Network Enabled Resource Devices (NERDs) combine the most common electronic components used in robotic applications into a standard electronics box with "plug-n-play" capabilities. Risk reduction efforts, systems testing and integration, and modifying the functionality of evolving systems becomes greatly simplified by standardizing core hardware and software components; in many cases, minimal software modifications are required to adapt an existing NERD for an emergent application.

Internal components include an integral DC-DC converter, a wireless bridge and hub allowing point-to-multipoint communications, an audio/video hardware CODEC, a RISC-based processor with FPGA-based I/O, and a GPS receiver. NERDs can accept 12-36 VDC to power all components and are compatible with standard military batteries.

Two 8-pin input/output data ports connected directly to the embedded processor allow for a range of control flexibility in a variety of applications. Implementations to date include controlling a non-lethal weapons pod on a robot, an intelligent garage-door opener for the exterior robot refueling area, a communications/ GPS module for a security team response vehicle, and an embedded controller for intruder-detection systems.

Benefits of a standard design for an electronics box include:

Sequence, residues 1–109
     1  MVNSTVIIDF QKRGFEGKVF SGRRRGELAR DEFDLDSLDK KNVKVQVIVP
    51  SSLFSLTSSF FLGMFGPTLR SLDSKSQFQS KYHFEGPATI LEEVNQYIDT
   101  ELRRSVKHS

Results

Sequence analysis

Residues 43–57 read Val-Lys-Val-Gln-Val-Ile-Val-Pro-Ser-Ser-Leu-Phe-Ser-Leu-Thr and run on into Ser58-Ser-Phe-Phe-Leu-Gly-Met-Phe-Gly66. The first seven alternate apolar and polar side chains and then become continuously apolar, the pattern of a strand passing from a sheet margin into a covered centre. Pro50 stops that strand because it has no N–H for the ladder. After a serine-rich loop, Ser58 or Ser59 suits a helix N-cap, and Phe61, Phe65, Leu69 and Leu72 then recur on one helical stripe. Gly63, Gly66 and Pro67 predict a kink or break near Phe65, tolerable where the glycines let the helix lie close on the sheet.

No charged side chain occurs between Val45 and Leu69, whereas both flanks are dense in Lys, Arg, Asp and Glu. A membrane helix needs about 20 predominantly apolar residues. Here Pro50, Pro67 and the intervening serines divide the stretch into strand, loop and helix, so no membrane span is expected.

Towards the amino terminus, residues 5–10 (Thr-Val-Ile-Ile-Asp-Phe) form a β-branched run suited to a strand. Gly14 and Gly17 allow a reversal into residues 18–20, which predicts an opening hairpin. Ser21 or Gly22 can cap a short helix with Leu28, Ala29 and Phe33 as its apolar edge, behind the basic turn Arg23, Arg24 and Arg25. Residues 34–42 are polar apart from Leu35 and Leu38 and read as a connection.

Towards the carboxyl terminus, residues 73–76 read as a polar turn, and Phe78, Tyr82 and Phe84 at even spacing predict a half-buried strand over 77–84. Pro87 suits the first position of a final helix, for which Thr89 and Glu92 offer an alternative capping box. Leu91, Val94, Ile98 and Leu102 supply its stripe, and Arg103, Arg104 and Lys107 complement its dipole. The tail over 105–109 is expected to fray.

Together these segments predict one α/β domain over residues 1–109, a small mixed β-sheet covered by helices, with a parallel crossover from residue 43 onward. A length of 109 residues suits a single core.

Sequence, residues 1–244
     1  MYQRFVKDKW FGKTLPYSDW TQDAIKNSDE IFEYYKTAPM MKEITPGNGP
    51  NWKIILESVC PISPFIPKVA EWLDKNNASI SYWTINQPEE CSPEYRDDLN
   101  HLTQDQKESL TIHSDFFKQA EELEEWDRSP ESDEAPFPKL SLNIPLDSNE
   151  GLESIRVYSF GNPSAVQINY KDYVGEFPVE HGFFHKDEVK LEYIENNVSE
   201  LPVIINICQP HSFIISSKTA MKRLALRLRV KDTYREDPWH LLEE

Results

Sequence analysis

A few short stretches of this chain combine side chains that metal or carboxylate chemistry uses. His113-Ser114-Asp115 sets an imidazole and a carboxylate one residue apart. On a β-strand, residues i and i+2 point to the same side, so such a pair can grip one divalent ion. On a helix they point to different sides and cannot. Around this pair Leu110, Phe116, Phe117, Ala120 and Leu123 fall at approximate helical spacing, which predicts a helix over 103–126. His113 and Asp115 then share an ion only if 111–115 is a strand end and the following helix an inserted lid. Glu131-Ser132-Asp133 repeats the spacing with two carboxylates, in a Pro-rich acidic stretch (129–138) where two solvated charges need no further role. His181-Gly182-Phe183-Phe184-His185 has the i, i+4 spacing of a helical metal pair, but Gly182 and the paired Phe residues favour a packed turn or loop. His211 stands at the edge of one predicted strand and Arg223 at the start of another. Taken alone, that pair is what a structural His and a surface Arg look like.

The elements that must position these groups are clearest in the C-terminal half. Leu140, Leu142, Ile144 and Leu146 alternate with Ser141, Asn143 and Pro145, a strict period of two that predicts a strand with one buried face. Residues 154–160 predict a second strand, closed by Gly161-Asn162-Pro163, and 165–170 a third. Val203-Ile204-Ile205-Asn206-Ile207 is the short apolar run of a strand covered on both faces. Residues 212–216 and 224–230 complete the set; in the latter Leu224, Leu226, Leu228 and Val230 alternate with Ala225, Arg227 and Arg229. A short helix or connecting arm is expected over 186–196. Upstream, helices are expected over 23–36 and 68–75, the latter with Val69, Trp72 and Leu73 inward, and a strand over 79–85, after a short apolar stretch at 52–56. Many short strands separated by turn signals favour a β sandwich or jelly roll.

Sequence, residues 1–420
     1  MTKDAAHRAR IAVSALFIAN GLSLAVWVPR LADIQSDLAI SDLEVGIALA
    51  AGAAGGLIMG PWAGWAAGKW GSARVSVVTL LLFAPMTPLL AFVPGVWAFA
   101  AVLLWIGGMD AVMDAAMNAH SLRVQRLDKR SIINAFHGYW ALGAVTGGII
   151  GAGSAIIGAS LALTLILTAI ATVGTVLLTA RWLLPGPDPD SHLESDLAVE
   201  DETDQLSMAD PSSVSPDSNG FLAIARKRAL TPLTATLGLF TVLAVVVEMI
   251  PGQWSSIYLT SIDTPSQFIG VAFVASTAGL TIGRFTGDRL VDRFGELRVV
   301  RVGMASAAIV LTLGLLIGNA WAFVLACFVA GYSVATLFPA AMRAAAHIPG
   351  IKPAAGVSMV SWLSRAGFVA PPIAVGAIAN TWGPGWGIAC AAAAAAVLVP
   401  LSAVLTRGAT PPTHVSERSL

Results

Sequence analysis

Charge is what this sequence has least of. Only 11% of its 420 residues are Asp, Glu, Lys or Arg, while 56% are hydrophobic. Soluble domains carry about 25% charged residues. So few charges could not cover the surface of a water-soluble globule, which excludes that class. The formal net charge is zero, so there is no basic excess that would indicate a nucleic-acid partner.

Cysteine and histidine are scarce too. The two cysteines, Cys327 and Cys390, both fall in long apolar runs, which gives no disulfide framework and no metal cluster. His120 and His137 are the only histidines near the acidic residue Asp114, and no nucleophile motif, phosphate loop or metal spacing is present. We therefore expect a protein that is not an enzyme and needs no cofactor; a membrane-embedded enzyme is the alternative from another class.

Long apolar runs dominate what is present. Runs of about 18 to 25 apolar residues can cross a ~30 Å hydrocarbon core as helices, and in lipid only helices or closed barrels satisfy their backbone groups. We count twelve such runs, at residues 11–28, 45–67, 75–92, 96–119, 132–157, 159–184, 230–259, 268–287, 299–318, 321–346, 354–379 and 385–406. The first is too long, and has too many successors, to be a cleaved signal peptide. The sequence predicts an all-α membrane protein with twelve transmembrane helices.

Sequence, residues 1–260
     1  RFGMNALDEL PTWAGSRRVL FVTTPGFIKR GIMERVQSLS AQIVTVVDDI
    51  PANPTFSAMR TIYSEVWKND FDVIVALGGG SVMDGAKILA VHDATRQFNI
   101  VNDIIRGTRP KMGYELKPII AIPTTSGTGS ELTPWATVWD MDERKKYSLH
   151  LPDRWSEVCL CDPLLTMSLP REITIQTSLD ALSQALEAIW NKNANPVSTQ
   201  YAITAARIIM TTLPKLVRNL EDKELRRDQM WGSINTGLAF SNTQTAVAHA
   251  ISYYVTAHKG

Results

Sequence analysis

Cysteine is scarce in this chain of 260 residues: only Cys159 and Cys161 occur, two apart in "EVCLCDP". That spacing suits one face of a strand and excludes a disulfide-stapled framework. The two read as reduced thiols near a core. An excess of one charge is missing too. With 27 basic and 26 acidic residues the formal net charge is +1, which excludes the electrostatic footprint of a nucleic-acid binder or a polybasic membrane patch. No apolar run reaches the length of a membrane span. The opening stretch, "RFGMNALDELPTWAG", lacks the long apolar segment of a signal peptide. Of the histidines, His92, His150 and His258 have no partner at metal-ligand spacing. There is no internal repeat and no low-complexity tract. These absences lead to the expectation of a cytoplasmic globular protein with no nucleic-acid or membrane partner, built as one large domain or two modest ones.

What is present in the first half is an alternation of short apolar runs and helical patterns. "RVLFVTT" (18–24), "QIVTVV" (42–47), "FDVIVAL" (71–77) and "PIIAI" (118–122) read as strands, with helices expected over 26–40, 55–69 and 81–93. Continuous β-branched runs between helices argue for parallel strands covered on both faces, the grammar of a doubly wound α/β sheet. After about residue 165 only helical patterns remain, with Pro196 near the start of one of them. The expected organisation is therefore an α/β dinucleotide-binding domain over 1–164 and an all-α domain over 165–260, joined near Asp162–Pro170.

• Standardized production units. To modify the functionality of a NERD only the firmware needs to be reprogrammed.
  • Interchangeability/interoperability. NERDs are self-contained and support "plug-and-play" of payloads, subsystems, and platforms.
  • Reduced testing costs. Systems used in risk reduction efforts for large, expensive robots can be tested on small, inexpensive robots using the same interfaces.

The NERDs have two DC-DC converters in them. Both can have 9-36 VDC inputs; one supplies 5 VDC output and the other supplies 12 VDC output. NERDs should be as small as possible; the size of the box is determined mainly by the size of the components that go in it, and to a lesser degree by ease of use and ability to troubleshoot the box. The current box used is 9 × 12 × 4.4".

The NERDs can be swapped out on an as-needed basis. Two NERDs having the same software programmed into them are interchangeable with minimal effort. The wireless bridges in the NERDs have the ability to act as point-to-multipoint repeaters. In this regard, the NERD performs a dual function: when deployed, it provides a robotics capability for the particular application, and it can increase the range of the WLAN by acting as a network repeater. The WLAN components support operation of the Multiple Resource Host Architecture (MRHA). This is very important as the MRHA has the ability to control a variety of the robotics platforms using protocols based on Ethernet UDP/IP and TCP/IP.

This work was done by Thomas Denewiler and Robin T. Laird of the Space and Naval Warfare Systems Center.


This Brief includes a Technical Support Package (TSP).
Network-Enabled Resource Devices

(reference SNWSC-0001) is currently available for download from the TSP library.

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